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09/28/88 the People of the State of v. David Floyd Houston

September 28, 1988





529 N.E.2d 292, 174 Ill. App. 3d 584, 124 Ill. Dec. 472 1988.IL.1462

Appeal from the Circuit Court of Macon County; the Hon. John K. Greanias, Judge, presiding.


JUSTICE LUND delivered the opinion of the court. McCULLOUGH and SPITZ, JJ., concur.


On April 20, 1987, in the circuit court of Macon County, defendant David Houston was tried in absentia and found guilty by a jury of two counts of burglary in violation of section 19-1 of the Criminal Code of 1961 (Code) (Ill. Rev. Stat. 1985, ch. 38, par. 19-1). Defendant was sentenced in absentia to six years' imprisonment and ordered to make restitution in the amount of $1,500. On September 15, 1987, defendant filed a motion pursuant to section 115-4.1 of the Code of Criminal Procedure of 1963 (Ill. Rev. Stat. 1985, ch. 38, par. 115-4.1) requesting a new trial, alleging his absence was not his fault and was due to circumstances beyond his control. On December 8, this motion was denied. Defendant appeals, alleging (1) the court erred in accepting his pro se waiver of his preliminary hearing, and (2) the court erred in denying his section 115-4.1 motion for new trial. We affirm.

The evidence presented at trial established that on Sunday, November 30, 1986, the Decatur police were on routine patrol in the vicinity of Miles Chevrolet, which was closed that day. A Ford van was parked with its door open in the vicinity of the luxury vans. As the police stopped to investigate, defendant entered the Ford van, and a high-speed chase ensued, ending in a parking lot where defendant was arrested. The police found various tools on or about defendant's person. In the van were eight captain's chairs taken from two of the Miles dealership vans, which had previously been locked and now had holes punched in the doors near the locks.

Defendant argues first that the court erred in accepting his waiver of his preliminary hearing. Defendant first appeared in court on December 8, 1986, and it was found he was not indigent. On December 18, he reappeared in court and advised he had not yet retained counsel but was intending to do so after he sold his car. The following exchange took place:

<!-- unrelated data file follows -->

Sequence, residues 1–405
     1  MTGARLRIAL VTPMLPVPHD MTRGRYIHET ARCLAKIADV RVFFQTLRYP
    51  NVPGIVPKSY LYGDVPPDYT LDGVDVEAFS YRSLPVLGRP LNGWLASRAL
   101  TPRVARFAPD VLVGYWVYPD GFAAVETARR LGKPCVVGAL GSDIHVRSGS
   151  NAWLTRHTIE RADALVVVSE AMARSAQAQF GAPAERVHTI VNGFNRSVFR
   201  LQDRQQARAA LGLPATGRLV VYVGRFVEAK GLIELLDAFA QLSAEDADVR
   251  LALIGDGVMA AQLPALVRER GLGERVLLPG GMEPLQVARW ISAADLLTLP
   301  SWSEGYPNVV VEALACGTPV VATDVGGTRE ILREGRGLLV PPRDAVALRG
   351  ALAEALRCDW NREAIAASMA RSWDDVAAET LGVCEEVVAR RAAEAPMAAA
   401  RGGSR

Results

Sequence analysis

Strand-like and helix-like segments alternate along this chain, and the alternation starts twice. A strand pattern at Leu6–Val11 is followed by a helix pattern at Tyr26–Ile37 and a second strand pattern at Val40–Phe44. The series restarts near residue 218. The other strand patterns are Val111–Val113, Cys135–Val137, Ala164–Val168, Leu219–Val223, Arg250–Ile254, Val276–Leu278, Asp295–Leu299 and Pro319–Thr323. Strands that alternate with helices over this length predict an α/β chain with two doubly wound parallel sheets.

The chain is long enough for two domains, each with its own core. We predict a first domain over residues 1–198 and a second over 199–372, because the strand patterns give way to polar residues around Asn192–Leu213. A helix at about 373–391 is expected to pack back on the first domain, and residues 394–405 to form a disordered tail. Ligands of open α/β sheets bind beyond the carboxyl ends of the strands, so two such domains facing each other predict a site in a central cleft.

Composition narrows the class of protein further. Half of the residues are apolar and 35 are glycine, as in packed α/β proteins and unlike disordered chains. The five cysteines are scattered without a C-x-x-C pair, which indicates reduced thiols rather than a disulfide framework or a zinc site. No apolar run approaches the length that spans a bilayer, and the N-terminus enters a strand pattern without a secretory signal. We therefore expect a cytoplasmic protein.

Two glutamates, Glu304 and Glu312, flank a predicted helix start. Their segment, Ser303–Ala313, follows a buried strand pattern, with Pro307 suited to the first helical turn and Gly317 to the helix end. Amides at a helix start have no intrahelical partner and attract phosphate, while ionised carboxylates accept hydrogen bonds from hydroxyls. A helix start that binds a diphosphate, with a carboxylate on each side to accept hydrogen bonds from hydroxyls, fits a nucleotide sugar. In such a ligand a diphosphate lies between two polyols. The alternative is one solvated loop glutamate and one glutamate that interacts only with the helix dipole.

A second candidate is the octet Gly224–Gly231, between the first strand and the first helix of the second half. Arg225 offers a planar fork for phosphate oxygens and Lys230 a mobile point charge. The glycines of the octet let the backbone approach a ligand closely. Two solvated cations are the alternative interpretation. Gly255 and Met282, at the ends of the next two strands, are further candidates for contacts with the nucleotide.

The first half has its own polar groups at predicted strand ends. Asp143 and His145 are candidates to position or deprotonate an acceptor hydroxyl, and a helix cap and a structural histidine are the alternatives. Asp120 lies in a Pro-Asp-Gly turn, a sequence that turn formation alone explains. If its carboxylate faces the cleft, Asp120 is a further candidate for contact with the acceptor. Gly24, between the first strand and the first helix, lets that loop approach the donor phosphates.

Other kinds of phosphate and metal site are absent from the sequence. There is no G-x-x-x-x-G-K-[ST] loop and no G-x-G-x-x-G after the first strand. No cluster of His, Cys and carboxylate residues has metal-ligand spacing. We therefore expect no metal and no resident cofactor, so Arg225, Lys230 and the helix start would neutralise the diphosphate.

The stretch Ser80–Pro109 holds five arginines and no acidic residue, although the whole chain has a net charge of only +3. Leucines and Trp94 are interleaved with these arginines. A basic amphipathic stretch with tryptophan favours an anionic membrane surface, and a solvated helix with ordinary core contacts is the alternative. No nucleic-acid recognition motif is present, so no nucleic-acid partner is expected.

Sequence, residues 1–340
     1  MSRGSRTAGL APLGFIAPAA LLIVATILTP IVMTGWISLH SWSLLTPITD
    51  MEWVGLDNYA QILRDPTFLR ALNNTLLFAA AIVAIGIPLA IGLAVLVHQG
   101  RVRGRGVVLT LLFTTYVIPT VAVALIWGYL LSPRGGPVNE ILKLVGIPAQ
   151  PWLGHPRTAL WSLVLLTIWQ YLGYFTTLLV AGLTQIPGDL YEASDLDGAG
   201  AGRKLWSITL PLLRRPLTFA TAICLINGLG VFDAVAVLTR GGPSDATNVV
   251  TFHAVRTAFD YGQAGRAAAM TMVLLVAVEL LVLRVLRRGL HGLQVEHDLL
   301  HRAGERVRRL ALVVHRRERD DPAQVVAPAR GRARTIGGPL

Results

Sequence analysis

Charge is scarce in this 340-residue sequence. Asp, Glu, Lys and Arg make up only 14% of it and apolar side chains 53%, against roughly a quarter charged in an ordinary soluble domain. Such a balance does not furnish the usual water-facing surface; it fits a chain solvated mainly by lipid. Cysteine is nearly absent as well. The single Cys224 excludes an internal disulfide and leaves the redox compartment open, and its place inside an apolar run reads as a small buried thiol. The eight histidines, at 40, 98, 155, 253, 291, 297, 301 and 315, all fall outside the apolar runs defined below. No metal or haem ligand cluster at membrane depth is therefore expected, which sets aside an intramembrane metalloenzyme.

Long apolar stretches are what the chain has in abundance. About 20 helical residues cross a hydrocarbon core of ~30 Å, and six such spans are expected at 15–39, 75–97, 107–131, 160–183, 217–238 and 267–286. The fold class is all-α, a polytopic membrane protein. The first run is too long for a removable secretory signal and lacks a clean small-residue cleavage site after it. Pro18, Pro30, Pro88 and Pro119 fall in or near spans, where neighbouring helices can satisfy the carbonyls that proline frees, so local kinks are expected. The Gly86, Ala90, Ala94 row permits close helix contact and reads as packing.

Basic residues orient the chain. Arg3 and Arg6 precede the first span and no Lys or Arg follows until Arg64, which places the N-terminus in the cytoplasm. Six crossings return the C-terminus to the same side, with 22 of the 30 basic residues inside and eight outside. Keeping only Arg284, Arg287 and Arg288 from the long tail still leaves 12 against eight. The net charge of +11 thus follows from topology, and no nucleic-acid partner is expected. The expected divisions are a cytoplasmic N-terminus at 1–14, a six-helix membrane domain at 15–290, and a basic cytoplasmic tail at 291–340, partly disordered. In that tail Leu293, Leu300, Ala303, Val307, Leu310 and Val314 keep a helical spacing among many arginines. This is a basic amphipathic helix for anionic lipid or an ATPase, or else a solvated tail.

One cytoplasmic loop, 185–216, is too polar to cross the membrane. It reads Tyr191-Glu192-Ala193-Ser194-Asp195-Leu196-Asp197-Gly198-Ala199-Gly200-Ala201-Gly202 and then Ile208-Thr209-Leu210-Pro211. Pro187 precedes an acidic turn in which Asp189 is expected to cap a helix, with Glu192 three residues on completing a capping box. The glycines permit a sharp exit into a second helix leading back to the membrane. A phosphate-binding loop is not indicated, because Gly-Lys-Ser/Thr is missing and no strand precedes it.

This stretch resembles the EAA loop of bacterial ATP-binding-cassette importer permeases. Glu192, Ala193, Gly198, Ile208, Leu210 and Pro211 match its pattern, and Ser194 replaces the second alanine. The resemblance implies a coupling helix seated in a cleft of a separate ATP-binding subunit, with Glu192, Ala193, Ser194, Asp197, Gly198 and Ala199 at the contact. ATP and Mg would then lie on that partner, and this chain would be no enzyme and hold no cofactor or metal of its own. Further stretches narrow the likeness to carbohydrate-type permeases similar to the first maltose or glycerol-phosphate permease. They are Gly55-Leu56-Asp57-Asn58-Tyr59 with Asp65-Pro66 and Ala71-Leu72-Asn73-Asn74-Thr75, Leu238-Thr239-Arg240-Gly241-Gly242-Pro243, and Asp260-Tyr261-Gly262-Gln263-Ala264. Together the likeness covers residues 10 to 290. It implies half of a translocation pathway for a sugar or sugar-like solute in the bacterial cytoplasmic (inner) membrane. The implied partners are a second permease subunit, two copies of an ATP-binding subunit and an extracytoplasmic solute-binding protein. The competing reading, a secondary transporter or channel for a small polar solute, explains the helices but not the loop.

"THE COURT: We want in every case here a defendant to have his own attorney if it is possible. It works out better from the standpoint he selects who is going to represent him. He not only chooses, but he pays. And it works out much better, if it is possible. And to accomplish that we often give additional time. The problem this morning is there is a witness here waiting for the hearing. And I looked down to see if he is here on any other case, and if the witness list is correct, he is only here on this case.

: That is correct.

THE COURT: If I may, do you know what a preliminary hearing is, just what you accomplish?, DEFENDANT: In other states I do. I am not from Illinois, I am not very familiar.

THE COURT: What it amounts to is the State's Attorney has to present enough evidence to support the filing of the charge., DEFENDANT: Finding of probable cause?

THE COURT: If the court is satisfied that a charge has some evidence to support it, then it proceed [ sic ] to arraignment, meaning what is the plea. It is not a trial. You are not going to be convicted at a preliminary hearing. I don't consider it a vital matter determining the issue, just whether the charge has been filed properly. What I am going to suggest is that we have a preliminary hearing, and you will hear their evidence, and you don't have to present a thing -- no evidence. The defendant usually doesn't present any. He just listens.

DEFENDANT: If it is just to determine if there is probable cause, Your Honor, I would be willing to stipulate that there is probable cause and enter a plea of not guilty.